Evening Star Productions opened its production of 35mm: A Musical Exhibition, on October 8, 2015.
A picture is worth 1,000 words — what about a song? Can a picture inspire a song or fifteen? In 35mm, each photo creates a unique song, moments frozen in time; a glimmer of a life unfolding, a glimpse of something happening. A stunning new multimedia musical which explores a groundbreaking new concept in musical theatre…
Rosalie Grant directed a cast that included Jordana Forrest, Sabrina Gore, Steven Michael Kennedy, Elvin Negron and Eric O’Keefe; accompanied by Jason Robert Buelow on piano, Meredith Levin on violin and Ben Brown on guitar.
Bill Hirschman reviewed for Florida Theater On Stage:
The individual songs in 35MM, a 2012 compilation by Ryan Scott Oliver, are so blithely disconnected that it is hard to perceive an overarching theme other than a kaleidoscope of snapshots of jangly urban life that you might find on someone’s Iphone.
What does unify Evening Star Productions’ ambitious undertaking is the affecting outpouring of angsty passion delivered by a quintet of singing actors and a rock steady band, directed by Rosalie Grant who elicited similarly pungent performances this summer with The Last Five Years. The company of Sabrina Lynn Gore, Jordana Forrest, Steven Michael Kennedy, Eric O’Keefe and Elvin Negron depict the spectrum of human emotion with every vocal phrasing and every inch of body language as they invest themselves completely in every vignette.
An intriguing section starts out with a song “Make Me Happy (He and She)” played by Forrest and Negron, which depicts a raging couple who say the loveliest romantic sentiments with a razor-edged fury during a fight. It is followed by “The Seraph (The Sinner with his Savior) “in which a young man (O’Keefe) talks about his discovery of what intentionally sounds like soul-fulfilling faith only to discover that the object of his adoration is someone other than Jesus. Then the He and She couple return, this time crooning the same lyrics, but with genuine affection. Whether these mirror images are supposed to be the same couple having made up, two simultaneous sides of the same relationship or whatever is impossible to discern.
Vocally, only Gore seems flawless. The other four show strong full-throated singing chops much of the time that do justice to the material, but this is a tough score and they often fail to hit some notes, natural or discordant. This is strange because when they sing together in Oliver’s intricate five-part vocal orchestrations, every one of them sounds spot on – a gloriously powerful and unique sound.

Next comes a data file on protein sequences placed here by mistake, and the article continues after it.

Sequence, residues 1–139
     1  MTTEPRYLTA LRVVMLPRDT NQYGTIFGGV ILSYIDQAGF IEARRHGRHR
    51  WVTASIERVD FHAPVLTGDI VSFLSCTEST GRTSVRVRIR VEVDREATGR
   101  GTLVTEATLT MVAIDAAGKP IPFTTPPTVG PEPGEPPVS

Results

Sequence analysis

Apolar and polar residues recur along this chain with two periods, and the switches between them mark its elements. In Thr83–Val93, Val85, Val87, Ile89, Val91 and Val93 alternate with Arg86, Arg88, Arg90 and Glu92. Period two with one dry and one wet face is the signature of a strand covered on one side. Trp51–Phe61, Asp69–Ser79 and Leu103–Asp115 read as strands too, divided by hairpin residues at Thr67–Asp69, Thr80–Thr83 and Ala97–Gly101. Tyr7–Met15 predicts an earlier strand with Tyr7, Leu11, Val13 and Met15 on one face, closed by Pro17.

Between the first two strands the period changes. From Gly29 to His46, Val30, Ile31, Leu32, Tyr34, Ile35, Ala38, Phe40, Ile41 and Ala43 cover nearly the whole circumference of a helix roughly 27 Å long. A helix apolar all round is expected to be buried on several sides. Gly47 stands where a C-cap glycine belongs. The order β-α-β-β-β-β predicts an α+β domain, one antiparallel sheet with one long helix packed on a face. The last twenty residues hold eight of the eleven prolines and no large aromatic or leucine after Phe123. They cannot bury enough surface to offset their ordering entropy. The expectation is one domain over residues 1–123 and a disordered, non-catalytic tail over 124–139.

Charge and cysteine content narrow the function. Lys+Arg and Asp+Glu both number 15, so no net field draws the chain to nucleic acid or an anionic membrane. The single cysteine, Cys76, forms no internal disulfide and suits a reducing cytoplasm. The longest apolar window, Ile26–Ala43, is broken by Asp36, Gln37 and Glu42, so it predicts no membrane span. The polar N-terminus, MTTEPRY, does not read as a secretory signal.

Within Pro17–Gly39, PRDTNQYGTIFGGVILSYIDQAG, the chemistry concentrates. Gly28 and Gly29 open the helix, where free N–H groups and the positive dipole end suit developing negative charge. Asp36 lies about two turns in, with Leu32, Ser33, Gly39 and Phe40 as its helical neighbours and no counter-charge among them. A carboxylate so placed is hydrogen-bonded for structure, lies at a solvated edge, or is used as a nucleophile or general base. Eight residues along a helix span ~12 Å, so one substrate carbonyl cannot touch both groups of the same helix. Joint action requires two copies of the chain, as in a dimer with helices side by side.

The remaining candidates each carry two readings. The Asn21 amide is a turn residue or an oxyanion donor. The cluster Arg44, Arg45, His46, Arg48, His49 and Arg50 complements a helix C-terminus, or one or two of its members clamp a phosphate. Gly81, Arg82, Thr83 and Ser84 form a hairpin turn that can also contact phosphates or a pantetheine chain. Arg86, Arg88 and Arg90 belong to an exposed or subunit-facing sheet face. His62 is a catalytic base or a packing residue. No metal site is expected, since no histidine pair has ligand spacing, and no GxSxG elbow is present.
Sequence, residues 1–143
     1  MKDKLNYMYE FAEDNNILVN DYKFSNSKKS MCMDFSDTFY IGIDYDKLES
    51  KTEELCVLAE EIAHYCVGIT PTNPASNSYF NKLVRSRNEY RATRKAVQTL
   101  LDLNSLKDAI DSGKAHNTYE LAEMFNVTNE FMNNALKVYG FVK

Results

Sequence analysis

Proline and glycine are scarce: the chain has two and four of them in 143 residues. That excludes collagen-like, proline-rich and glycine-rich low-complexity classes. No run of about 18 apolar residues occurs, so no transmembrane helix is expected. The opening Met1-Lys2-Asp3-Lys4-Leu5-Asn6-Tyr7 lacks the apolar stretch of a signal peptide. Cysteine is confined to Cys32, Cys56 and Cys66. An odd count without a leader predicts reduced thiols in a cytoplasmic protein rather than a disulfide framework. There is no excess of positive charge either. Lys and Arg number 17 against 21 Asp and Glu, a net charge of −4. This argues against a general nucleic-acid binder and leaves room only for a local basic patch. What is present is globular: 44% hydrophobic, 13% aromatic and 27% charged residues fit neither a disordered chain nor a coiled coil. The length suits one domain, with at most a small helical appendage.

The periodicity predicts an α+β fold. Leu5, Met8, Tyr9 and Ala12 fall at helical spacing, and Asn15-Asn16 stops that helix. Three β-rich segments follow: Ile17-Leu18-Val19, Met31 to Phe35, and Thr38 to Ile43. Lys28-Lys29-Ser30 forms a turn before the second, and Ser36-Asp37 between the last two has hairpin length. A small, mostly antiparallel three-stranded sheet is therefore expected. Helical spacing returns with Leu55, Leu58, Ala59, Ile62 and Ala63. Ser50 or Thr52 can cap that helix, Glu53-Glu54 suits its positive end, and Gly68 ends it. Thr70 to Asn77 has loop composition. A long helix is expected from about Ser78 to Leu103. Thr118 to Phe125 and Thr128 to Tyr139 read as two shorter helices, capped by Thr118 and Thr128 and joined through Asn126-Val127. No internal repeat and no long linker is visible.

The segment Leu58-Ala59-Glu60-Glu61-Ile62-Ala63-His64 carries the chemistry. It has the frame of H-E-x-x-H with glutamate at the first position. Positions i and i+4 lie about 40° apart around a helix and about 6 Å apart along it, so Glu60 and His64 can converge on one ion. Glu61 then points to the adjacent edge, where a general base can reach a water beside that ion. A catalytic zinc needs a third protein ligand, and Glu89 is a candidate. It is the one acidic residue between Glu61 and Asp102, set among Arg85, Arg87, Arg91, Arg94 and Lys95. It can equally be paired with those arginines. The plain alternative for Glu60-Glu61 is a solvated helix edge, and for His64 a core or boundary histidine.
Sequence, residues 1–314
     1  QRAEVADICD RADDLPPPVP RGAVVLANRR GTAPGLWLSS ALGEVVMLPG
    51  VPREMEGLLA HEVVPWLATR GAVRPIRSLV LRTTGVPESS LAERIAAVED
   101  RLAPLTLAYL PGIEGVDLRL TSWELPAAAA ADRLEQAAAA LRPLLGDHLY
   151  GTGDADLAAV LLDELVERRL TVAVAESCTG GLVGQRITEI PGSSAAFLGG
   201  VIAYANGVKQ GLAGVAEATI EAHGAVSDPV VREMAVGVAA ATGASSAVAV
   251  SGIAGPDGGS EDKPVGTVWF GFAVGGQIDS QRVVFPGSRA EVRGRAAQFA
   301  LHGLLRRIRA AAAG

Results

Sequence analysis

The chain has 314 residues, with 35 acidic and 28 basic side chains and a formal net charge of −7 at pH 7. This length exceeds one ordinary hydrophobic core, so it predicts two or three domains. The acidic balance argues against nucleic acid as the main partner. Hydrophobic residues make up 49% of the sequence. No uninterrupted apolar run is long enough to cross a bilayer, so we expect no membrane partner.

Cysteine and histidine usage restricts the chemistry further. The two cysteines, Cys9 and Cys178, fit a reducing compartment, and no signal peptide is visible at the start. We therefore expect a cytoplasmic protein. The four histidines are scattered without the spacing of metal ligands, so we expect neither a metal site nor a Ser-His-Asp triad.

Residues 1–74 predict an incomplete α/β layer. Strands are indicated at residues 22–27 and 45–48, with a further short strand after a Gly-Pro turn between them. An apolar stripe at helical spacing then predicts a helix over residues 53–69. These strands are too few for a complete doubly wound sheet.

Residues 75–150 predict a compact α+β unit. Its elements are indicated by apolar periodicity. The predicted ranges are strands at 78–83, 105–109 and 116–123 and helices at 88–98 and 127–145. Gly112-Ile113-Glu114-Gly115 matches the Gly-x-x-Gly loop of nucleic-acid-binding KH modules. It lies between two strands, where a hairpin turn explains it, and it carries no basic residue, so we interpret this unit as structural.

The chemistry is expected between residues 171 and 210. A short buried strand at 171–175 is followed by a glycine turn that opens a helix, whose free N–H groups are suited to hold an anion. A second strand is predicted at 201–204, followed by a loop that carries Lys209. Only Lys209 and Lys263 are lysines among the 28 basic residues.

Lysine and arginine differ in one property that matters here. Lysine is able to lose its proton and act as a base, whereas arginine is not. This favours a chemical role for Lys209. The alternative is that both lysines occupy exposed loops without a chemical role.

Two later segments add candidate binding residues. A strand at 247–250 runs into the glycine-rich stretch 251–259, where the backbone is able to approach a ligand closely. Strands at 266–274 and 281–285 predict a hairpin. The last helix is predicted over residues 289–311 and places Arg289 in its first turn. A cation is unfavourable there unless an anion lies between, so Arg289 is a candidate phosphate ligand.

35MM and this production require some effort from the audience to meet it more than halfway. It is, as they say, not for everyone’s taste. But it does represent an intriguing example of the current effort by young theater artists to find new ways to create their own brand of musical theater that speaks to them. In that, Evening Star’s 35MM is worth checking out.
Rod Stafford Hagwood wrote for The Sun-Sentinel:
If you can, try to get to "35mm: A Musical Exhibition" at Boca Raton's Sol Theatre a little early. It's worth it so you can peruse the photographs on the set that inspire the tunes of this song cycle… The score by Ryan Scott Oliver is a collaboration with photographer Matthew Murphy in which the images inspire lyrics and music and vice versa. That is the only glue holding the show together, so a quick tour before the lights go down is a good idea.
…35mm: A Musical Exhibition is interesting and engaging. Snapshots filled with emotion but devoid of context is an intriguing jumping off point for a musical. The pop-rock score ranges from amusing ("Caralee," in which a male nanny shares the horrors of his charge, an uber-precocious toddler) to the soul-stirring ("The Seraph," in which a sinner finds salvation) and everything in between.
The cast… are all up to the task, extracting phrases for more sensual readings ("Twisted Teeth," about vampires in love and their bloodlust) and soft-pedaling others that are a little too on-the-nose ("Leave Luanne," about an abusive relationship subtitled "Southern Gothic Ghost Story"). They are supported by a four-piece band capable of rocking out or just adding the whisper of a guitar and the accent of a violin. Major props to the sound mixing, which is near perfect.
But the show has some teeny, tiny problems. For one thing, it's overchoreographed. That's an easy fix. The other thing is that the order of songs kind of sabotages the energy near the end of the 70-minute, intermissionless show. That's a fix out of Evening Star's domain.
Evening Star Productions presents 35mm: A Musical Exhibition at the Sol Children’s Theater through October 25, 2015.
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